(October 6, 1917 - March 14, 1977)
For basic facts on Fannie Lou Hamer, see Fannie Lou Hamer Profile
About Fannie Lou Hamer:
Fannie Lou Hamer, born in Mississippi, was working in the fields when she was six, and was only educated through the sixth grade. She married in 1942, and adopted two children. She went to work on the plantation where her husband drove a tractor, first as a field worker and then as the plantation's timekeeper. She also attended meetings of the Regional Council of Negro Leadership, where speakers addressed self-help, civil rights, and voting rights.
In 1962, Fannie Lou Hamer volunteered to work with the Student Nonviolent Coordinating Committee (SNCC) registering black voters in the South. She and the rest of her family lost their jobs for her involvement, and SNCC hired her as a field secretary. She was able to register to vote for the first time in her life in 1963, and then taught others what they'd need to know to pass the then-required literacy test. In her organizing work, she often led the activists in singing Christian hymns about freedom: "This Little Light of Mine" and others.
She helped organize the 1964 "Freedom Summer" in Mississippi, a campaign sponsored by SNCC, Southern Christian Leadership Conference (SCLC), the Congress of Racial Equality (CORE), and the NAACP.
In 1963, after being charged with disorderly conduct for refusing to go along with a restaurant's "whites only" policy, Hamer was beaten so badly in jail, and refused medical treatment, that she was permanently disabled.
Because African Americans were excluded from the Mississippi Democratic Party, the Mississippi Freedom Democratic Party (MFDP) was formed, with Fannie Lou Hamer as a founding member and vice president. The MFDP sent an alternate delegation to the 1964 Democratic National Convention, with 64 black and 4 white delegates. Fannie Lou Hamer testified to the convention's Credentials Committee about violence and discrimination faced by black voters trying to register to vote, and her testimony was televised nationally.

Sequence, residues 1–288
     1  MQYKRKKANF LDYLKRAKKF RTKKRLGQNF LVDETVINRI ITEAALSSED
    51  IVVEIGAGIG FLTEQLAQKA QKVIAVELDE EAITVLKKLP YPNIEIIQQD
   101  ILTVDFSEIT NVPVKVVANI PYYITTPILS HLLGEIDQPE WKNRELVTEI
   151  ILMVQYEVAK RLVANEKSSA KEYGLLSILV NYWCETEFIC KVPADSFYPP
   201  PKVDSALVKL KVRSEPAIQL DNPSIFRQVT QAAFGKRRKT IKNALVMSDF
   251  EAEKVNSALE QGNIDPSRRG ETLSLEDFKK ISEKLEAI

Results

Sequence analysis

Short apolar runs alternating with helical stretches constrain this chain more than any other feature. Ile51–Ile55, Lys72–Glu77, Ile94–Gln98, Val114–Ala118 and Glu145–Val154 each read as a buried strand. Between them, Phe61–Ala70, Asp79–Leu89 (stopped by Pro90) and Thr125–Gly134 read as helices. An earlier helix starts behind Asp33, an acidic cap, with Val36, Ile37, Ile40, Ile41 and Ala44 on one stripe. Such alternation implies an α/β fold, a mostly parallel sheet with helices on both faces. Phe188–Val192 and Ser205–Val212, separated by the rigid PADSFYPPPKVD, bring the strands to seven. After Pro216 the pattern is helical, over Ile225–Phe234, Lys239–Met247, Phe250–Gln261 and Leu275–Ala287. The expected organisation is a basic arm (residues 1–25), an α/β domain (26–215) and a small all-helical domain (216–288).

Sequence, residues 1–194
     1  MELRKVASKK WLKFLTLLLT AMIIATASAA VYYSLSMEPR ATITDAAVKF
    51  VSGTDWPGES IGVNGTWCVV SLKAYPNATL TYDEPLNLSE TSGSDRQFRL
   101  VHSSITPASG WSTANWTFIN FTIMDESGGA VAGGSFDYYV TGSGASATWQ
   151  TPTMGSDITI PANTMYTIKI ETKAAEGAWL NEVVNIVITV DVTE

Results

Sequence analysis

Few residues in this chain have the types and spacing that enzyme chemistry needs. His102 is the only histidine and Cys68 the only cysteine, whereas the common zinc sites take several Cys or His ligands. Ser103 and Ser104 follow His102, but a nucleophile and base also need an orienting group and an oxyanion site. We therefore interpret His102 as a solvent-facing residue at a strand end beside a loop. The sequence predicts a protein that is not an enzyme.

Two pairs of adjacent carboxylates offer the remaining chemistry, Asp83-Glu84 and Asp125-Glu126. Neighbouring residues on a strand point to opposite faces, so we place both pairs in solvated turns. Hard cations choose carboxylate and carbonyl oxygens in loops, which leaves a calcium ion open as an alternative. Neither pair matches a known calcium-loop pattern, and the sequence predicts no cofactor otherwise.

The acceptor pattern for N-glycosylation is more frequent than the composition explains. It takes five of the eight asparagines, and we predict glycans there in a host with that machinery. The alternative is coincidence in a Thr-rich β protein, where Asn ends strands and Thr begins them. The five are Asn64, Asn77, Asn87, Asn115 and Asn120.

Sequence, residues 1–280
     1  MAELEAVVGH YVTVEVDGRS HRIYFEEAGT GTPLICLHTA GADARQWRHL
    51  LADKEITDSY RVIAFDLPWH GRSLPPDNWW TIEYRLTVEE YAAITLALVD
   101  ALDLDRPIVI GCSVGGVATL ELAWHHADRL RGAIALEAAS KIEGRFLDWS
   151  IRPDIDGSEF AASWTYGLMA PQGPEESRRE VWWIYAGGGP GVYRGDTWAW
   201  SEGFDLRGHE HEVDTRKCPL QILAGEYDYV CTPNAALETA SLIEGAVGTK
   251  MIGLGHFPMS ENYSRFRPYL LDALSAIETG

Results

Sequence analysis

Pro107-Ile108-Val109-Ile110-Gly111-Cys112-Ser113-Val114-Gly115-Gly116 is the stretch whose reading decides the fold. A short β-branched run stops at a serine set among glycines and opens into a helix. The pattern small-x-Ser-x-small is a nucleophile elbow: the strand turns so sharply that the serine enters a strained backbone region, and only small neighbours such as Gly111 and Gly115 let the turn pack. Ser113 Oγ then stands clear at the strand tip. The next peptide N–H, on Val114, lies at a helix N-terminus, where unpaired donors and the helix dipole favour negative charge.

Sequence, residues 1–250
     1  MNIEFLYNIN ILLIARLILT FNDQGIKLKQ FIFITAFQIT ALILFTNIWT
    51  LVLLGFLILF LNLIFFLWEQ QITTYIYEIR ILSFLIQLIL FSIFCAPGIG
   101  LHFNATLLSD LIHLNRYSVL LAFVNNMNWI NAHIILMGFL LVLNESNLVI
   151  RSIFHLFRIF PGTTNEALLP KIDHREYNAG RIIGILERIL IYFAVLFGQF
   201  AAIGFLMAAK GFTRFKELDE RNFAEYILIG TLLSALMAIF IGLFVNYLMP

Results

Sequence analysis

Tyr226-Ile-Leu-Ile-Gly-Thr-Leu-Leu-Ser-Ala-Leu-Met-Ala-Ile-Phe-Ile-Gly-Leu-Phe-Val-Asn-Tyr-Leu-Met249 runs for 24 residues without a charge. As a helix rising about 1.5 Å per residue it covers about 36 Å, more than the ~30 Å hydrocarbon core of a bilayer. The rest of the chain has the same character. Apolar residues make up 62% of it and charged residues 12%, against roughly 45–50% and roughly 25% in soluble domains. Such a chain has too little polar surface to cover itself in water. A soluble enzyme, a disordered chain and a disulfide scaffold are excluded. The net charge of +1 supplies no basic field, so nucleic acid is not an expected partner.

The MFDP refused a compromise offered to seat two of their delegates, and returned to further political organizing in Mississippi, and in 1965, President Lyndon B. Johnson signed the Voting Rights Act.
From 1968 to 1971, Fannie Lou Hamer was a member of the Democratic National Committee for Mississippi. Her 1970 lawsuit, Hamer v. Sunflower County, demanded school desegregation. She ran unsuccessfully for the Mississippi state Senate in 1971, and successfully for delegate to the Democratic National Convention of 1972.
She also lectured extensively, and was known for a signature line she often used, "I'm sick and tired of being sick and tired." She was known as a powerful speaker, and her singing voice lent another power to civil rights meetings.
Fannie Lou Hamer brought a Head Start program to her local community, to form a local Pig Bank cooperative (1968) with the help of the National Council of Negro Women, and later to found the Freedom Farm Cooperative (1969). She helped found the National Women's Political Caucus in 1971, speaking for inclusion of racial issues in the feminist agenda.
In 1972 the Mississippi House of Representatives passed a resolution honoring her national and state activism, passing 116 to 0.
Suffering from breast cancer, diabetes, and heart problems, Fannie Lou Hamer died in Mississippi in 1977. She had published To Praise Our Bridges: An Autobiograpy in 1967. June Jordan published a biography of Fannie Lou Hamer in 1972, and Kay Mills published This Little Light of Mine: the Life of Fannie Lou Hamer in 1993.
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